Letter from Poland

I recently visited Kraków, Poland, with nine of my writing colleagues, for a ‘writing retreat’ and some minor tourism.

We arrived 10 November, the day before an important national holiday, National Independence Day…

… a national day in Poland celebrated on 11 November to commemorate the anniversary of the restoration of Poland’s sovereignty as the Second Polish Republic in 1918, after 123 years of partition by the Russian Empire, the Kingdom of Prussia and the Habsburg Empire. (Wikipedia)


One of the celebrations early on November 11, image taken from our hotel room

In pursuing the tourism, I went to the English language Massolit Bookstore. The fellow at the cashier and cafe desk is interested in the Beat Poets, as I am. He and I struck up a conversation and I promised to send him a poem by Lawrence Ferlinghetti.

After returning home, I sent him the poem, along with some personal comments and links to my writing. I received from him a most unexpected response. Here it is:

I am happy to read that you enjoyed your stay in Kraków. It is my favourite Polish city and I am happy to have moved here for good. You found it much settled in history and past. The city was lucky, very lucky not to be destroyed much by any war. Even the Communist  regime didn’t crush its beauty and spirit. And seriously, to me Kraków is an escapist city.

In any other Polish city I always feel some destruction. Warsaw was paved to the ground and awfully rebuilt after 1945. Lublin, which I came from is a God-forgotten place suffering from the consequences of a too rapid switch from communism to capitalism. Wrocław, which I lived in is a German town made Polish fifty years ago and still struggling to reinvent it’s identity, a continuing process. Only in Kraków do I feel at home, without all the damage that has been done to this country.


I am writing this at age thirty-four, in the generation that grew up seeing the old being replaced by the new Poland after 1989. I was eight when it all happened. My parents would tell me “how it’s been” and why the Regime should “never repeat”. They raised me with this warning. Their parents raised them with the warnings against war. I am happy to notice twenty-year-olds not influenced with this kind of perspective.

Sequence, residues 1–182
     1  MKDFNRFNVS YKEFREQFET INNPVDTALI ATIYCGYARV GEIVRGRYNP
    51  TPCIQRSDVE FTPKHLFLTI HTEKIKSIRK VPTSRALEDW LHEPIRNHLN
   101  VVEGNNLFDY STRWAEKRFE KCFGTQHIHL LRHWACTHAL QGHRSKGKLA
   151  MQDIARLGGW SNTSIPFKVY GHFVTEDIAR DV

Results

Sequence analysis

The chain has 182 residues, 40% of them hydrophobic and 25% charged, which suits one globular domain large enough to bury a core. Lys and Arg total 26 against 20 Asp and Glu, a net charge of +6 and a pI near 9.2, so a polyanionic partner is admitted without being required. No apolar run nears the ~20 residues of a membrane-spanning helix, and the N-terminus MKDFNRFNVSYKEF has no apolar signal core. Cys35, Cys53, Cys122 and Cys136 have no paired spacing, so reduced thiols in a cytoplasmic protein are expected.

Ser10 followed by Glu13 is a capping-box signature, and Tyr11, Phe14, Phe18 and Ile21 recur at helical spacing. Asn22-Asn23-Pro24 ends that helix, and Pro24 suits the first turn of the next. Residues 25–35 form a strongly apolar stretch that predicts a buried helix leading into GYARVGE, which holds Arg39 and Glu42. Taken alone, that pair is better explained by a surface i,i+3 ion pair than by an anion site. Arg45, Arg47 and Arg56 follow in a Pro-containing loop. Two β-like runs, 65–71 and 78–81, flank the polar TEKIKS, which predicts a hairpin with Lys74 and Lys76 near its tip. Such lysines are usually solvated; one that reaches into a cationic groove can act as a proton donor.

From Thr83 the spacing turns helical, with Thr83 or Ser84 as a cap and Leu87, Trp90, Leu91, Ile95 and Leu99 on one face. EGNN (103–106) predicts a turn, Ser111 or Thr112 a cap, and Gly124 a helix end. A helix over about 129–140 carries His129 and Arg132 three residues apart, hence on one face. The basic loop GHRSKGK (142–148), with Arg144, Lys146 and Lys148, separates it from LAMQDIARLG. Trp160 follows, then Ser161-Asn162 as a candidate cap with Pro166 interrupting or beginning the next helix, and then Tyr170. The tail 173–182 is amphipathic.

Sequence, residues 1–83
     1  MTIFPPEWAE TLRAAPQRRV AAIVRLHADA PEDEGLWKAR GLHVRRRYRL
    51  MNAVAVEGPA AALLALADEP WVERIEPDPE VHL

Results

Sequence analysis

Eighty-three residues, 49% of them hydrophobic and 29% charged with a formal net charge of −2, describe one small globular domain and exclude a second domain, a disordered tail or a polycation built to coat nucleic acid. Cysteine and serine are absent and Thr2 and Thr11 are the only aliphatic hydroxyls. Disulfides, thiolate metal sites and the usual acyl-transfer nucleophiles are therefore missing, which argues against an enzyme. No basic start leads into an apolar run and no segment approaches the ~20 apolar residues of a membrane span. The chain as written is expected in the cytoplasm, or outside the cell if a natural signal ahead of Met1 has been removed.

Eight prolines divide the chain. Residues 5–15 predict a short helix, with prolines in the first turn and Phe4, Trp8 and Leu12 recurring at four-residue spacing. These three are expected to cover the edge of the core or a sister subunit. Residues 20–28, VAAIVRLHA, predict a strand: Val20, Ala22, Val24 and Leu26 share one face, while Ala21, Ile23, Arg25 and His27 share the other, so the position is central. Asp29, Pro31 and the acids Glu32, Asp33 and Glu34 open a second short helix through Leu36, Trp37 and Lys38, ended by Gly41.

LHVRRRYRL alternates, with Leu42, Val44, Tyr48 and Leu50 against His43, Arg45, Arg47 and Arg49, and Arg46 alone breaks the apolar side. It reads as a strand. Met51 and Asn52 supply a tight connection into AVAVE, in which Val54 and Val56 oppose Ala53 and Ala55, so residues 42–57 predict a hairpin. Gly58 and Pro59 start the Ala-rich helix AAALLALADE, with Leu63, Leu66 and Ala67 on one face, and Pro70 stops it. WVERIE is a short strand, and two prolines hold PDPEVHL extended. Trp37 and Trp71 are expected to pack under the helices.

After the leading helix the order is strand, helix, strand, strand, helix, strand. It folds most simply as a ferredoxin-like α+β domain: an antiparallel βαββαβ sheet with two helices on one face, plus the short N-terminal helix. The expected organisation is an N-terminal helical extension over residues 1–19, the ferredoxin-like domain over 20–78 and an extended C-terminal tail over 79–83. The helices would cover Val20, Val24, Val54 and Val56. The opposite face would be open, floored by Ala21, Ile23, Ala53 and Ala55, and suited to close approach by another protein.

My grandfather lost all his family during the war. He never came back to Lviv (today’s Ukraine, yesterday’s Poland). My mother tried to look for our relatives, didn’t meet anyone when she came there. I don’t feel like going there at all. Let past be the past.

This might sound cruel, but… I am sick and tired of war literature, especially the Holocaust kind of literature still being “mass produced” by yet another Jewish person coming to Auschwitz as a part of their “identity trip”. With masterpieces like Ellie Wiesel’s “Night” we don’t need any more Shoah books to understand the trauma.

I spent one year volunteering in Israel, which was a great lesson on complexity and diversity of life in all kinds of meaning. I walked a mile in someone else’s shoes and it was the most precious experience so far.

I came back to Poland and got close to Judaism again. I acted in Jewish theatre groups. I think that if there is any space in which we can work out the demons of all kinds it is art. Only in art and only on the non-personal but emotional and spiritual level of metaphorical language we can “speak with the ghosts.”

Some people now say: “If they chose Trump it means that humankind didn’t learn anything”. Well, a bit overstatement I would say, but I find an answer in Walter Benjamin’s “The Angel of History” essay. He said that all the answers have been given a long time ago and that if there is something like the Messianic times it IS the time of now, and if we can recognise ourselves and recognise our calling in the calling that has been left to us by the late generations to be accomplished, then it means we are doing right at life.

But why am I writing all this actually? Well, I believe life is a journey and I am trying to learn from all the passengers I happen to be travelling with. Sometimes I feel like explaining myself. Maybe that was one of these moments. We, Poles, have an idea of “The Polish complex,” which is an old fear of not being appreciated or never being understood by outsiders. Maybe this is also my complex that keeps me trying to tell this story again and again, come back to past, tell the identity and keep on checking if I have really told “the whole” story…


— Jakub Wydrzynski

A Modern Exodus of Ethiopian Jews

For the most of us who have not heard of the Jews who lived for thousands of years in Ethiopia, much less of their recent exodus to Israel, here is a story starting around 950 BC that you may find intriguing.

My friend Eric Gandy and I attended the weekly meeting of the Stockholm International Rotary Club on March 15 to listen to Bengt Nilsson, a journalist and documentary film producer. His presentation centered on the relationship between the Queen of Sheba and King Solomon of Israel, and of the historical (or alleged) journey of the Ark of the Covenant from Israel to what is now Ethiopia. He has written a novel, Makeda, Queen of Sheba (currently, only in Swedish), which explores these facets of history and legend. His presentation was in English. (Note: Eric had much to do with the research and writing of this article).